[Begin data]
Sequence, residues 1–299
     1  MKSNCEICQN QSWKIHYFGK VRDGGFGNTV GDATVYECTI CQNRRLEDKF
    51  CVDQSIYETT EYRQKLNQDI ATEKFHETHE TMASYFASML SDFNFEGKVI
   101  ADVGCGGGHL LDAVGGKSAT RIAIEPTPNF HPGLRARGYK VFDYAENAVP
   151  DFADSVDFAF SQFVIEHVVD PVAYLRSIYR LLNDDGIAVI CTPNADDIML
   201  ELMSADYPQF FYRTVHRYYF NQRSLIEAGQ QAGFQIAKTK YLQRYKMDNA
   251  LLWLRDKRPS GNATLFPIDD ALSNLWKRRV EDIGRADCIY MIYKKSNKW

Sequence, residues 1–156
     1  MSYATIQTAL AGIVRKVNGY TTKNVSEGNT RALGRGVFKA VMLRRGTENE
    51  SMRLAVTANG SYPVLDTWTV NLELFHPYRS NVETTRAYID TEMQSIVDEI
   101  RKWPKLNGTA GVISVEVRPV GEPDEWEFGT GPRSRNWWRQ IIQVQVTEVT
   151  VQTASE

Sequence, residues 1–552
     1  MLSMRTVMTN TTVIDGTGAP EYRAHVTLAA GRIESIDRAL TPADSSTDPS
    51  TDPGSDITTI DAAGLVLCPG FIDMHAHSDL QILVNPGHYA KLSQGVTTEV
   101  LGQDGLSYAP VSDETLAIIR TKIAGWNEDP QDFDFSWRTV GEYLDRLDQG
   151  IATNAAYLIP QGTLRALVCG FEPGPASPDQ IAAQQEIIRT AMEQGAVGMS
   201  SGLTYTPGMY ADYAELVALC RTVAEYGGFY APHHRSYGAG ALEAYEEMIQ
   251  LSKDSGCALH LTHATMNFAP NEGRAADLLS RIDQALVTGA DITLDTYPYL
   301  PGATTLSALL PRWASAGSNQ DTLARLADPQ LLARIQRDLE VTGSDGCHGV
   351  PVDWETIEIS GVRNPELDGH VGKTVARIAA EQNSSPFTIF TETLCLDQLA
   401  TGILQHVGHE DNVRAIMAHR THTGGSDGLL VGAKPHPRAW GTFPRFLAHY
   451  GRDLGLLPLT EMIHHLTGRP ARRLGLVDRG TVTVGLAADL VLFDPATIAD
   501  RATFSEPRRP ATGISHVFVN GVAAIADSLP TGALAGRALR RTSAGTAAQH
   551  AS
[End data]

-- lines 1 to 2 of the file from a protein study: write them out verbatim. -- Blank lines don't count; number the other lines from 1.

Sequence, residues 1–299
     1  MKSNCEICQN QSWKIHYFGK VRDGGFGNTV GDATVYECTI CQNRRLEDKF